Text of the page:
Sounding the Last Post
POST Offices – those community institutions where people can pay bills, buy stationary and birthday cards and post letters while standing around nattering with new friends. Or so it used to be. The news that a plan is afoot to move the central Letchworth
POST Offices - those community institutions where people can pay bills, buy stationary and birthday cards and post letters while standing around nattering with new friends.
Or so it used to be.
The news that a plan is afoot to move the central Letchworth Garden City Post Office to a franchise in a convenience store down the road, away from main bus stops, has shown that times they are a-changin'.
But why are they? Competition from supermarkets and the internet - where you can pay your bills, buy anything you like, email your friends for free and talk in a variety of chat rooms - surely contributed to the losses recorded by the Post Office during the last financial year.
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According to the Royal Mail's reports and accounts statement released in May this year the Post Office, one of four main arms of the Royal Mail Group, recorded losses of £111m during the financial year. This is over £2m a week.
In the same statement the Royal Mail's chief executive Adam Crozier called for "the need to modernise".
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Changes are definitely needed, but if the Post Office is to sit in the corner of a convenience store will there be the same amount of counters open or goods to buy?
Stuart Kenny, director general of Letchworth GC Heritage Foundation, recently said: "I cannot recall visiting it [the Broadway Post Office] myself without having to join a lengthy queue."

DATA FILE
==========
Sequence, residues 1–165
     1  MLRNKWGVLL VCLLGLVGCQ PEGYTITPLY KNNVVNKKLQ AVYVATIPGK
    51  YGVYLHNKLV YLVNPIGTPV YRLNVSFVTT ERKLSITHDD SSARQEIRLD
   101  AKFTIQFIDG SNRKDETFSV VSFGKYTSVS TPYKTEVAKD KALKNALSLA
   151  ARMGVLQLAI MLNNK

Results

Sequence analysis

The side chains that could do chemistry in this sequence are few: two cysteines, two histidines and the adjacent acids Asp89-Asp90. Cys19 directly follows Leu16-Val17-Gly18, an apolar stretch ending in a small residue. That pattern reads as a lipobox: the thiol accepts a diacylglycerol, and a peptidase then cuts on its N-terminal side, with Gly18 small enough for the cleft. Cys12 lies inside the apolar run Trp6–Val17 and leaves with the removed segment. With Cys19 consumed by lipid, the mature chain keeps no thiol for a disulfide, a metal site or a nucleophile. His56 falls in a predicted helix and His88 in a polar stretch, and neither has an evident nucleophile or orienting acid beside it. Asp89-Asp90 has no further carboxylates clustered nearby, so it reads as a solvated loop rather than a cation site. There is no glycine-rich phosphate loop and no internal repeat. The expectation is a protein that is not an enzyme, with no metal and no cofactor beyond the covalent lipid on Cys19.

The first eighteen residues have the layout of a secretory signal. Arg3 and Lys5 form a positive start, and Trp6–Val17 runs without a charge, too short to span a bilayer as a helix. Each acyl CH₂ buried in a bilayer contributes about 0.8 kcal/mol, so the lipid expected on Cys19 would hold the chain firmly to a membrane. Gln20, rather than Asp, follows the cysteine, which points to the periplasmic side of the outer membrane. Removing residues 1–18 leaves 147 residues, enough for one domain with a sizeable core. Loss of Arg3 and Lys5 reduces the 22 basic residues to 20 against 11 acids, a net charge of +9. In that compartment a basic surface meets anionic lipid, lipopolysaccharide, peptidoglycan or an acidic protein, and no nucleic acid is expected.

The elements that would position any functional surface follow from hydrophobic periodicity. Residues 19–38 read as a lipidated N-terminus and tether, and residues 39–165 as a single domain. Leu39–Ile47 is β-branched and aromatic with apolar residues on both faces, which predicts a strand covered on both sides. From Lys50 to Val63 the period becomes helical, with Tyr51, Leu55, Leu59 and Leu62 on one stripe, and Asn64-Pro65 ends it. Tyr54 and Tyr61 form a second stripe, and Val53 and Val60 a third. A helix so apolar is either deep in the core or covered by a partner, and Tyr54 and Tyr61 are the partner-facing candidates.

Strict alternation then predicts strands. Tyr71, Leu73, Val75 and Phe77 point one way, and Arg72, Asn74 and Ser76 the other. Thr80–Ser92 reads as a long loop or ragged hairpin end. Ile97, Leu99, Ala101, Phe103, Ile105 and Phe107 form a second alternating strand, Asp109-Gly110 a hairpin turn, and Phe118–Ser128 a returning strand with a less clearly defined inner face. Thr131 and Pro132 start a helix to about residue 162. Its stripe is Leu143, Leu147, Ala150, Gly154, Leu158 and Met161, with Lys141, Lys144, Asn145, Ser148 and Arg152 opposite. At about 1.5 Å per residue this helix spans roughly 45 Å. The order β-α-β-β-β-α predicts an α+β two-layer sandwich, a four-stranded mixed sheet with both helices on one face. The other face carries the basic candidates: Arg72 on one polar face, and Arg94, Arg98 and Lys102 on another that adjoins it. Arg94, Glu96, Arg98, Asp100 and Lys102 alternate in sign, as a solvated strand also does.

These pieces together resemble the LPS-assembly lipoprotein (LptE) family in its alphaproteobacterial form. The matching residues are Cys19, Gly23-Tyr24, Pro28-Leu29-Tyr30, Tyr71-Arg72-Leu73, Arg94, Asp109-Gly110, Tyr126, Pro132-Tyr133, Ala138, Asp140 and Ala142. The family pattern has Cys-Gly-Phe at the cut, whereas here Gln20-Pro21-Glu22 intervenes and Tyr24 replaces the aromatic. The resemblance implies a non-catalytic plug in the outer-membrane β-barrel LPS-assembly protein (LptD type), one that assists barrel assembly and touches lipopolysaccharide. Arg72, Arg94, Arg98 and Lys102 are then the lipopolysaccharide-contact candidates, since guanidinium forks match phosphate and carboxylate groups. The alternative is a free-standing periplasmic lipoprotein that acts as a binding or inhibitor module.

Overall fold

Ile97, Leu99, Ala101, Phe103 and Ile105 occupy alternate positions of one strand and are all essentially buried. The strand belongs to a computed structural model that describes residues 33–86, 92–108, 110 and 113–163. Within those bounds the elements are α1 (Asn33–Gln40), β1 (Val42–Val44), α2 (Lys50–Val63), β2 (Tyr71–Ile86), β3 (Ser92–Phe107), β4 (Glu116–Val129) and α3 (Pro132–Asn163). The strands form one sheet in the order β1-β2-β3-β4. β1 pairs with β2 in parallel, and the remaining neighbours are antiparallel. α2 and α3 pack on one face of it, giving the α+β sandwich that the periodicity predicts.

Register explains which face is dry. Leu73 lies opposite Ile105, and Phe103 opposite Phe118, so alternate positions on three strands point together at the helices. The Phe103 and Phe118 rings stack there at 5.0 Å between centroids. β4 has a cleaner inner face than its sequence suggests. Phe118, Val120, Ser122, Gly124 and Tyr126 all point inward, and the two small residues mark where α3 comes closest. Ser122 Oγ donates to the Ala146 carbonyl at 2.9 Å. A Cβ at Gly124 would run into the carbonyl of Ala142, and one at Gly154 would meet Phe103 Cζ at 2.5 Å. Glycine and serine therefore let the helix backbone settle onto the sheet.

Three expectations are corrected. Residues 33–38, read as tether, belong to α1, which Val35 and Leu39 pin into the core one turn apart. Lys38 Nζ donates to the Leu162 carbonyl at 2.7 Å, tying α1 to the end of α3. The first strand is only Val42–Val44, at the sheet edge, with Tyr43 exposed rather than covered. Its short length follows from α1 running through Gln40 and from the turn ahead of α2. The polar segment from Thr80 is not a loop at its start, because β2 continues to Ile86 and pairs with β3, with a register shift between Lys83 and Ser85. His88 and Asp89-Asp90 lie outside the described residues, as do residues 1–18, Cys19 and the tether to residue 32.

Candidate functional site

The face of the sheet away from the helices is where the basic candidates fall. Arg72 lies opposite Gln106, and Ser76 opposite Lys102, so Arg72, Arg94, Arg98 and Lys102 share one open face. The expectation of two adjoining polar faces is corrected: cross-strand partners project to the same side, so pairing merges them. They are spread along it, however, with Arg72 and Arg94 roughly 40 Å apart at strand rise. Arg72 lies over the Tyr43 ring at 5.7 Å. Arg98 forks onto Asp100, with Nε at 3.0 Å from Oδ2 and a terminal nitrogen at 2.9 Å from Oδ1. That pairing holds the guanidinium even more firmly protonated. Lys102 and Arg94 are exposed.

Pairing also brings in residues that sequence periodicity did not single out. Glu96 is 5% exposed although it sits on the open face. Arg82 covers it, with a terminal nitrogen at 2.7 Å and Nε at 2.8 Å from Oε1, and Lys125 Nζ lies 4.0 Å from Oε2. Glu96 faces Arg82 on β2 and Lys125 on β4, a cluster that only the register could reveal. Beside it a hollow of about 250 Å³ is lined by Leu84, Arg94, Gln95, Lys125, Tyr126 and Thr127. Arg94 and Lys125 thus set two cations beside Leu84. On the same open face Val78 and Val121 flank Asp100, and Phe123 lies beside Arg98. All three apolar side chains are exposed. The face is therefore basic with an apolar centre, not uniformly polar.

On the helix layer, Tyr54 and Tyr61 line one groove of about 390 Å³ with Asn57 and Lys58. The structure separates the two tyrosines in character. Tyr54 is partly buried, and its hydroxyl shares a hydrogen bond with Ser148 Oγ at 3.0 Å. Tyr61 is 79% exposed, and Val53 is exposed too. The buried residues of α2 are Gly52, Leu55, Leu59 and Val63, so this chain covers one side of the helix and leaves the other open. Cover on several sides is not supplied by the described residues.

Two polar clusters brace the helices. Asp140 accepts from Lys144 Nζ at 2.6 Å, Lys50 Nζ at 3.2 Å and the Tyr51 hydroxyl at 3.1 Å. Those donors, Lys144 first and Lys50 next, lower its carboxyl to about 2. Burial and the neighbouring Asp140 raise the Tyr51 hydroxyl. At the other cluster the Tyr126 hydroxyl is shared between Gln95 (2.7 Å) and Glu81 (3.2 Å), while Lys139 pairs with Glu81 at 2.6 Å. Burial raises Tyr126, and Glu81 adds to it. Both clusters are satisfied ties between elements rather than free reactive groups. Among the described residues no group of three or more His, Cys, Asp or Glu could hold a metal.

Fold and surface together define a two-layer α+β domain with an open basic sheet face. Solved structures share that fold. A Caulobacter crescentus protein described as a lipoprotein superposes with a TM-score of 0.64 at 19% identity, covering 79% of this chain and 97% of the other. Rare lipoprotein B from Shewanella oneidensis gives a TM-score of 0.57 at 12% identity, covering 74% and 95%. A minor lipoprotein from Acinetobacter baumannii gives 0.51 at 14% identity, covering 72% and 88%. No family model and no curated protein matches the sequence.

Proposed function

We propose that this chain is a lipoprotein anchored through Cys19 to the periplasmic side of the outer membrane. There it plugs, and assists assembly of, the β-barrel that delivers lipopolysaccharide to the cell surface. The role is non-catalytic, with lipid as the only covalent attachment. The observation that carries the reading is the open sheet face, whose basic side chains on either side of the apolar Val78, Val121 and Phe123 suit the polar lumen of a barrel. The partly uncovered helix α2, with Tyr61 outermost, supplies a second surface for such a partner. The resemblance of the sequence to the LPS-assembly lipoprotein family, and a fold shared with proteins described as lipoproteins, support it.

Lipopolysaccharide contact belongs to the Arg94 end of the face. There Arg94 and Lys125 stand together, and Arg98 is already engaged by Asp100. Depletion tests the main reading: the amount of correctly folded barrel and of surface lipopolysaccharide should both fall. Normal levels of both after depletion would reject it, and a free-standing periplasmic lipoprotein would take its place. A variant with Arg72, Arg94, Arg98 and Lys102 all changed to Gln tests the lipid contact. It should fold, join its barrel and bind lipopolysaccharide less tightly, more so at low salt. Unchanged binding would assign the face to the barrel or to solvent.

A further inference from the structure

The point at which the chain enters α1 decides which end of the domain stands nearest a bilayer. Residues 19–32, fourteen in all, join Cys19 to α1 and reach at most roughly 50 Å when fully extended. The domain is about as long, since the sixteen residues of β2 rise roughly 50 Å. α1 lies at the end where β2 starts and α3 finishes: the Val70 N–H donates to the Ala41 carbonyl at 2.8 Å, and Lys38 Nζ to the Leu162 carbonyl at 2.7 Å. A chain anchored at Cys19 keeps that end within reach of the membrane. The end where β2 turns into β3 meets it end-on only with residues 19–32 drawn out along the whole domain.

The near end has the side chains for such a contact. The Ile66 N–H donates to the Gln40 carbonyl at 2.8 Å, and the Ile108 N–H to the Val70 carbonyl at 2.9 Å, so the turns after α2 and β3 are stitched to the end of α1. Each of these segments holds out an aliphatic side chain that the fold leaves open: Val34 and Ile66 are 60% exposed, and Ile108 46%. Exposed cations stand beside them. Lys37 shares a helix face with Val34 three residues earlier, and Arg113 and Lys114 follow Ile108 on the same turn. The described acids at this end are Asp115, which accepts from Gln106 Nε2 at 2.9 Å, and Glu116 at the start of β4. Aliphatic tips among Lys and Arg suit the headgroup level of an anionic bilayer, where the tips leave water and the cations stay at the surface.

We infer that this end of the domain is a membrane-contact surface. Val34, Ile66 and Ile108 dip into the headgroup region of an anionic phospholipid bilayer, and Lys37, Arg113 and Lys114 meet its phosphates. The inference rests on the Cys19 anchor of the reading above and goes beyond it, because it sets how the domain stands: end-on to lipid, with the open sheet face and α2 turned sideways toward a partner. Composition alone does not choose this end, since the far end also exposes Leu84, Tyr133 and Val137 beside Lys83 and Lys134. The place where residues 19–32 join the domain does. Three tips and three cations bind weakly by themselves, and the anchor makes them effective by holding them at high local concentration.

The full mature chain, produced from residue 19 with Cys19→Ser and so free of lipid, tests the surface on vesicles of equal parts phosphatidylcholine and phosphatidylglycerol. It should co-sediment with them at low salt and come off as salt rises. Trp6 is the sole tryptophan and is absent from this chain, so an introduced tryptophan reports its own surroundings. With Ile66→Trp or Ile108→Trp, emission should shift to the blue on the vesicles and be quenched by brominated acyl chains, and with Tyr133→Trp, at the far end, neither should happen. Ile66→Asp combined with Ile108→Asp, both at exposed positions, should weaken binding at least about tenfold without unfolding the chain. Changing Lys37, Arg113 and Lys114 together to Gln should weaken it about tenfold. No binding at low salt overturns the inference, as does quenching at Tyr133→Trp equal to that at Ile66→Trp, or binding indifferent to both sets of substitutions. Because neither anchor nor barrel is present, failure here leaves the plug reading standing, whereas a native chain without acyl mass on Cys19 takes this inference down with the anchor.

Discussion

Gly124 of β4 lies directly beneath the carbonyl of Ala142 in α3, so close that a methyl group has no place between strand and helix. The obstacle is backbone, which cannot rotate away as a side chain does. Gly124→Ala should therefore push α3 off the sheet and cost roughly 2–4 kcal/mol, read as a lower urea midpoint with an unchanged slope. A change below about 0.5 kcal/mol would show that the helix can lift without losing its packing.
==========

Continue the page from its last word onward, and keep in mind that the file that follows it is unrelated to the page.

This is a valid point. The post office is very busy and is used by customers who still rely on it for services.
If the move goes ahead to relocate then will all these people want to pop down to an inconvenient location with worse transport links?
Will there be queues flowing from the counter, outside the door and along the front of the shop during freezing winter months while people are waiting to pay their electric bills?
The Post Office does need to modernise to cut its losses, but moving to smaller premises will only lead to dwindling numbers using its services. This could eventually lead to its closure.
The two supposed advantages to the proposed move - the post office being saved from closure and the longer opening hours for customers - are not reason enough to justify the move.
A spokesman for the company said the move would "secure the long term future of the Post Office". This is the same company whose own report and accounts statement said that the £111m loss was a "£12m improvement on the previous year".
Well, if there are improvements, why the cuts?
Secondly, who are the longer hours going to benefit? One thing is for sure, it isn't going to help pensioners who are afraid to go out late at night because they fear the streets are no longer safe.